Sometimes we want our program to obtain numbers at random, for example, to simulate a roll of the dice or the distribution of cards in a game. In Linux C we have several functions that allow us to obtain these random values.

In this explanation, we are going to see the basic use of these functions. Some of the things we discuss here are not useful for more serious applications, where the sequence of random numbers is required to be very random, unpredictable, not to repeat until after many numbers, etc, etc. However, the explanations presented here will work for most of our programs.

**THE rand () FUNCTION:**

In C, to get random numbers, we have the **rand ()** function. This function, every time we call it, returns a random integer between **0** and the **RAND_MAX** (a huge number, like 2 billion).

The first problem that arises is that we do not usually want a random number in that range, it would be a very curious dice if it has so many faces. We may want, for example, a random number between **0** and **10**. Or more generally, between **0** and **N**. The account that we must take for that is this:

```
#include <stdlib.h>
...
number = rand ()% 11;
number = rand ()% (N + 1);
```

The modulo ( **%** ) operation gives us the remainder of dividing **rand ()** by **11** . This remainder can range from **0** to **10** . Likewise, the module **rand ()** between **N + 1** ranges from **0** to **N** .

What if we want a range that does not start at **0**? For example, we want a range between **20** and **30** (more generally, between **M** and **N** with **N** greater than **M** ). Well, it's easy, we get a number between **0** and **10** and add **20 to it** (a number between **0** and **N-** M and add **M** )

number = rand ()% 11 + 20; // This is between 20 and 30

number = rand ()% (N-M + 1) + M; // This is between M and N

**THE srand () FUNCTION:**

We are presented with a new problem. If we run our program several times, the sequence of random numbers is repeated. Let's imagine we have a program that writes 3 random numbers between **0** and **10**. We run it once and it comes out, for example, 4, 7 and 9. We run it a second time and it comes out again 4, 7 and 9. The third time it comes out the same and when we have had enough of running, the same thing comes out again.

The problem is that **rand ()** "calculates" the random numbers. He starts from an initial number (called a seed), takes a few beads, and draws a random number. For the second number, take a few beads with the previous result and take a second number and so on.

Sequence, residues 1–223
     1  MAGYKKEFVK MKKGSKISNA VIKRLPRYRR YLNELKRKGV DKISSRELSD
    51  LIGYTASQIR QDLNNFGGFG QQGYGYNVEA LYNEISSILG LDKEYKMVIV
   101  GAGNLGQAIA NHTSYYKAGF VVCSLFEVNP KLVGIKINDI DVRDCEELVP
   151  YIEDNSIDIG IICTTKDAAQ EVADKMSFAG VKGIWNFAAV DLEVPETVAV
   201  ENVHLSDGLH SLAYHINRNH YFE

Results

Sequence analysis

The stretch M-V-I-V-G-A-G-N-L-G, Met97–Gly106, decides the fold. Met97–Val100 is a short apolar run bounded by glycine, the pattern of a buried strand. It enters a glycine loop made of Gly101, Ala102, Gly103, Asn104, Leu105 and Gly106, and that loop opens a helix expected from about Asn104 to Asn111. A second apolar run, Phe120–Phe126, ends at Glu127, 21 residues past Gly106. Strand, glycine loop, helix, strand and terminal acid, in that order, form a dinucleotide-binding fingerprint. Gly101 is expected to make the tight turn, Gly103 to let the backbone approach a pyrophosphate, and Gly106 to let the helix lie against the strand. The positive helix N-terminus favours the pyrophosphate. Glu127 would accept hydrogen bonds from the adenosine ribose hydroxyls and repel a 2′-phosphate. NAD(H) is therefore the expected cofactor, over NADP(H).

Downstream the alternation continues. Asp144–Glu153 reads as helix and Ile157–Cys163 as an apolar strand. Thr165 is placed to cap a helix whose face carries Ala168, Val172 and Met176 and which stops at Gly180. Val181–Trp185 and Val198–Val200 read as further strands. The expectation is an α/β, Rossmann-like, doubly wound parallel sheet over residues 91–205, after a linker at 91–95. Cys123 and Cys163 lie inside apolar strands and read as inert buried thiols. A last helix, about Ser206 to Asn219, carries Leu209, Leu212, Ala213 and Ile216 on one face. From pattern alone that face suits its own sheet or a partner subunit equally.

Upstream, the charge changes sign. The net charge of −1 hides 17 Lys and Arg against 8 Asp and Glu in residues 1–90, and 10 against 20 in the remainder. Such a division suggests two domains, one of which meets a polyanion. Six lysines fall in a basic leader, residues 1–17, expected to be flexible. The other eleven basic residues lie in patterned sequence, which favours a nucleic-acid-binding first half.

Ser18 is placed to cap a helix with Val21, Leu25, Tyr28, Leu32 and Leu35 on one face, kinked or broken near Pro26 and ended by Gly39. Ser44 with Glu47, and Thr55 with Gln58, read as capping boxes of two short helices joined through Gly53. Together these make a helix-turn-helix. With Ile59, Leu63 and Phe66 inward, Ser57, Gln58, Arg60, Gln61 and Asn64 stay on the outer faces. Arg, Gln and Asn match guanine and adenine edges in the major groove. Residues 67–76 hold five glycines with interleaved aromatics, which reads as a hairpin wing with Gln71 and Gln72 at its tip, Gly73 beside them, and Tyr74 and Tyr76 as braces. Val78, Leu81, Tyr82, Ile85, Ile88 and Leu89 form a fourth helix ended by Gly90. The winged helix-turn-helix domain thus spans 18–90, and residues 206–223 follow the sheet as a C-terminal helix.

If we rerun the program from the beginning, the starting number (the seed) used by **rand ()** is the same, so the sequence of random numbers is the same since the counts are the same.

To avoid this problem we have the **srand ()** function, to which a number is passed as a parameter that will be used as the initial number for the accounts. We only have to call this function once in our program.

What number do we put on this srand ()? We can't put a fixed number on it, because then we haven't done anything. We cannot put a number obtained with rand (), because the first time it will always give us the same and the result will be the same as if we put a fixed number. We must find a way to obtain a number that is different in the execution of each program.

There are two numbers that are commonly used for this:

- The system date/time. This value changes if we execute the program at a different point in time. We would have to start the program twice in the same second to obtain the same sequence of random numbers. In Linux C this date / time is obtained with the
**time ()**function`srand (time (NULL));`

- The process number of the program. The first program that is started when the computer is started with the Linux operating system, has the process number 1, the second has 2, the third 3 and so on. When we start our program, it will be assigned the number that touches it, for example, 215. When we restart it, it will be assigned the one that touches it (it can be 216 if we have not executed anything in between or 345, if we have to entertain with other things). After running our program several thousand times, the process number may be repeated, but we will no longer remember the sequence that was taken the first time. The process number is obtained with
**getpid ()**srand (getpid ());

This function **only has to be called once at the beginning of our program**. Every time we call it, we will be restarting the random number calculations from the beginning, which will repeat everything.

**THE drand48 () and srand48 () FUNCTIONS:**

What if we want a random number with decimals? We function **drand48 ()** which returns a random decimal number between **0.0** (included, can get the **0.0** ) and **1.0** (excluding, never leave **1.0** ). From there it is easy to transform it into the range we want. If we want a range between **10.0** and **20.0** (or between **M** and **N** where **N is** greater than **M** and both with decimals, even if they are .0)

```
#include <stdlib.h>
...
number = drand48 () * (20.0-10.0) + 10.0;
number = drand48 () * (NM) + N;
```

In the same way as before, the sequence of random numbers will be repeated every time we execute our program and in the same way, we have a way to change the "seed" of that sequence. You have to call the **srand48 ()** function, passing it an integer that is different in each execution of the program. Again, we have the two previous options

```
srand48 (time (NULL));
srand48 (getpid ());
```